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[Editorial] Red alert

Total births and fertility rate fall to record low; new measures unveiled

By Korea Herald

Published : Sept. 1, 2023 - 05:30

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Setting a fresh record is usually a positive development. But it’s disheartening when it comes to South Korea’s dismal birth rate, which is breaking one record after another -- in a downward direction.

According to population data released by Statistics Korea on Wednesday, only 249,000 babies were born in 2022, down 11,000 from a year earlier. It is the first time the figure fell below 250,000 since the agency began compiling data in 1970.

The latest figure comes as a big challenge for policymakers, as the trend seems almost unstoppable, and poses a grave threat to the country’s future. The number of newborn babies was over 1 million in 1970, but rapidly fell to 400,000 in 2002, and then dropped below 300,000 in 2020.

In the second quarter of this year, the country saw just 56,087 new babies, down 6.8 percent from a year earlier. In June, only 18,615 babies were born, marking the ninth consecutive month the number of babies has fallen on-year.

The fertility rate, which shows how many children the average woman will have over her lifetime, also set an ominous record of 0.78 in 2022 -- down 0.03 from a year earlier. In the second quarter of this year, the fertility rate went down further to stand at 0.70, down 0.05 compared to the same period last year.

Korea’s fertility rate is not only far below the replacement rate of about 2.1 needed to sustain a population, but also the world’s lowest level. It should also be noted that Korea was the only country with a fertility rate below 1 among the members of the Organization for Economic Cooperation and Development in 2021.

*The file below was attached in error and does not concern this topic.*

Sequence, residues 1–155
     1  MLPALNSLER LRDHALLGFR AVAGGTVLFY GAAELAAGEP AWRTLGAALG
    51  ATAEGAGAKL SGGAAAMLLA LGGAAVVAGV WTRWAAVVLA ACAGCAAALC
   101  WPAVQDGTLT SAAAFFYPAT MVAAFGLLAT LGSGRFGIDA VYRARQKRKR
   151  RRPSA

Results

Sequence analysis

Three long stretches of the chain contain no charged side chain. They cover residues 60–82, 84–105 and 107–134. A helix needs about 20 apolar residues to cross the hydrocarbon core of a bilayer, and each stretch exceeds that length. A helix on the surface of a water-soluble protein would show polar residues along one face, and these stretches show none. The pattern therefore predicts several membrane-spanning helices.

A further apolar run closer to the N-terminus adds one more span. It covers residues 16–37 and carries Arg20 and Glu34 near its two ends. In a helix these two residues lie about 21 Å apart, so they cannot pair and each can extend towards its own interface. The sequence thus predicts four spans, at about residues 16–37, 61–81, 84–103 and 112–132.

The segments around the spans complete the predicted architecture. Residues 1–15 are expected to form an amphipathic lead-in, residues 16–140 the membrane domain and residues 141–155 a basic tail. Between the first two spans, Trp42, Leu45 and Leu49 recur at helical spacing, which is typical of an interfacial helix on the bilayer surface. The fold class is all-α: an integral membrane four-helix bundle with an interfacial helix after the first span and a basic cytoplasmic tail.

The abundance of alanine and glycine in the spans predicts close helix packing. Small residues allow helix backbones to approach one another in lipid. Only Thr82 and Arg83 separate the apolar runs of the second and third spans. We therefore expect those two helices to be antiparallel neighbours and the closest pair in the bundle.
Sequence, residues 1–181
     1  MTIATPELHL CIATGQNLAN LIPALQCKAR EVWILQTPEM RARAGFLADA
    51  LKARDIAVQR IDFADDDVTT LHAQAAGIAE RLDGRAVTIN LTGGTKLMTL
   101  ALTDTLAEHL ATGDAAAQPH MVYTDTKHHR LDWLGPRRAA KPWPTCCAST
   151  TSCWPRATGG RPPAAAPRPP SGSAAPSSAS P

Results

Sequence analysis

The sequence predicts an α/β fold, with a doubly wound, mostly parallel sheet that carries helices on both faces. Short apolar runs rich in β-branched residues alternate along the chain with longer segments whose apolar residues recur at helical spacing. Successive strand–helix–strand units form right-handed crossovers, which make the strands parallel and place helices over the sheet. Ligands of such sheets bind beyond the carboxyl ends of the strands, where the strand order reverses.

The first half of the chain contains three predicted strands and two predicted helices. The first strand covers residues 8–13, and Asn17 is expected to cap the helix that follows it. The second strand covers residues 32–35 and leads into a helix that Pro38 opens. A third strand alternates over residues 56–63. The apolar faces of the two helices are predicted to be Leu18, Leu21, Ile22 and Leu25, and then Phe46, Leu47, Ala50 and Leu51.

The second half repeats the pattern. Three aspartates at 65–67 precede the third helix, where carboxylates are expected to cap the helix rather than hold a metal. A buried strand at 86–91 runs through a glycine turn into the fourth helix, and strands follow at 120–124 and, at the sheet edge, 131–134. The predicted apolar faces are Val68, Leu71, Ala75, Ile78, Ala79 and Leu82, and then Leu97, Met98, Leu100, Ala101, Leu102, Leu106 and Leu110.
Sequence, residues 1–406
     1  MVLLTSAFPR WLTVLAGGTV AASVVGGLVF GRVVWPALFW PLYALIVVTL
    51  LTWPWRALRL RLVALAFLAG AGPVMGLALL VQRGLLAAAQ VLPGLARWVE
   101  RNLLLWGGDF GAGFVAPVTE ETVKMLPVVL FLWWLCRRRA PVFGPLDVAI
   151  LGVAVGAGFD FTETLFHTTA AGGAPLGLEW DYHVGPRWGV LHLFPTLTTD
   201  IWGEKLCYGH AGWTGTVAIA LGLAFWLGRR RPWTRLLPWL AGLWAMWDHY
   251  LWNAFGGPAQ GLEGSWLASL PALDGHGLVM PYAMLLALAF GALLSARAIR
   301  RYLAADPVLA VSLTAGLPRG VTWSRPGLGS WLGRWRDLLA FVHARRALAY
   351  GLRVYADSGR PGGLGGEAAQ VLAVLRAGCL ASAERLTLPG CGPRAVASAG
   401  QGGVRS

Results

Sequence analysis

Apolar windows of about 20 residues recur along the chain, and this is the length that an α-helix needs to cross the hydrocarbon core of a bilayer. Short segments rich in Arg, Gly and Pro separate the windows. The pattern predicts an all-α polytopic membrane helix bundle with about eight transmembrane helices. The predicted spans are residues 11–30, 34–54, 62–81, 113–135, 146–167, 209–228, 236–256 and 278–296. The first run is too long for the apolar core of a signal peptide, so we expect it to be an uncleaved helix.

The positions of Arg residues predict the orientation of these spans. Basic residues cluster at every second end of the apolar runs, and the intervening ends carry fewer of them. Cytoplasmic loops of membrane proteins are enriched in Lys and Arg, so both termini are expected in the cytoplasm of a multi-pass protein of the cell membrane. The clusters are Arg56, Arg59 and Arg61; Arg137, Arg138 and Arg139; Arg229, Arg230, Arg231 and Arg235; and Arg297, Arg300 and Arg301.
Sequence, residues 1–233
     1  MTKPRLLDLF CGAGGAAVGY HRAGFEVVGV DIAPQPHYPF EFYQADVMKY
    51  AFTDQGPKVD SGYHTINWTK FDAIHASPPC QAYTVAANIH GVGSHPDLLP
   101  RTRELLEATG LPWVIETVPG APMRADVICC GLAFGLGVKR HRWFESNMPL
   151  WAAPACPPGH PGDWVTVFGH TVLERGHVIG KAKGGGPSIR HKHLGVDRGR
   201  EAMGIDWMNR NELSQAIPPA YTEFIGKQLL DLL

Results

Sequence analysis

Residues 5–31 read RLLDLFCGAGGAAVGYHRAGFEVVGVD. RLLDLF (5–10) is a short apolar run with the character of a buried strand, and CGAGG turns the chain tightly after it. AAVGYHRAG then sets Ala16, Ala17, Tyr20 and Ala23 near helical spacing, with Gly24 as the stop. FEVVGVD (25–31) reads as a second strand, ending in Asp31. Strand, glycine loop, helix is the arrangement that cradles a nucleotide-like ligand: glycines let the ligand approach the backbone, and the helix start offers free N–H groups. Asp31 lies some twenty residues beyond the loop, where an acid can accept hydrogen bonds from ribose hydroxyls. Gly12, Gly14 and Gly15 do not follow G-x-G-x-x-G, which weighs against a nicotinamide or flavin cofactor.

Another worrying sign is the continued increase in the age of parents. The Statistics Korea data showed that the average age of women giving birth reached a record high of 33.5 in 2022, up 0.2 from the previous year. The average age of fathers was also a record 36. This means a growing number of Korean couples are getting married and having babies at an older age.

Experts say more drastic measures are needed to tackle the birthrate and population crisis. Due to the continued fall in birth rate, the country’s population shrank by a net 27,272 during the April-June period this year. If the much-dreaded trend continues, the country’s key welfare and economic policies are bound to suffer due to the shortage of young people in the workforce amid the rapid aging of the existing population.

On Tuesday, the Yoon Suk Yeol administration unveiled new measures in its 2024 budget plan to tackle the low birth rate. The policies include a special allocation of some 70,000 houses for families with newborns, and the extension of maternity leave from the current one year to 1 1/2 years.

The new policy on affordable housing is to address one of the biggest challenges newlywed couples face before they settle down and have children, along with other issues such as child care burdens and career interruptions for women.

Some experts claim the government must change its fundamental policies in consideration of shifting views on marriage and child care. In a new survey by Statistics Korea, the ratio of people aged 19 to 35 who favorably view the need for marriage was just 36.4 percent in 2022, down 20 percentage points from 10 years ago. And 53.5 percent of respondents said they see no reason to have babies even if they get married. Also noticeable is that 80.9 percent of respondents said they hold a positive view on cohabitation and having babies outside of marriage.

The government has poured money into running various programs for new mothers, but failed to stop the fertility rate from sliding year after year. It is time for the government to expand the scope of support programs, considering new types of family and nonmarital fertility as European nations did. There is no time to waste in the face of a falling marriage rate, birth rate and population.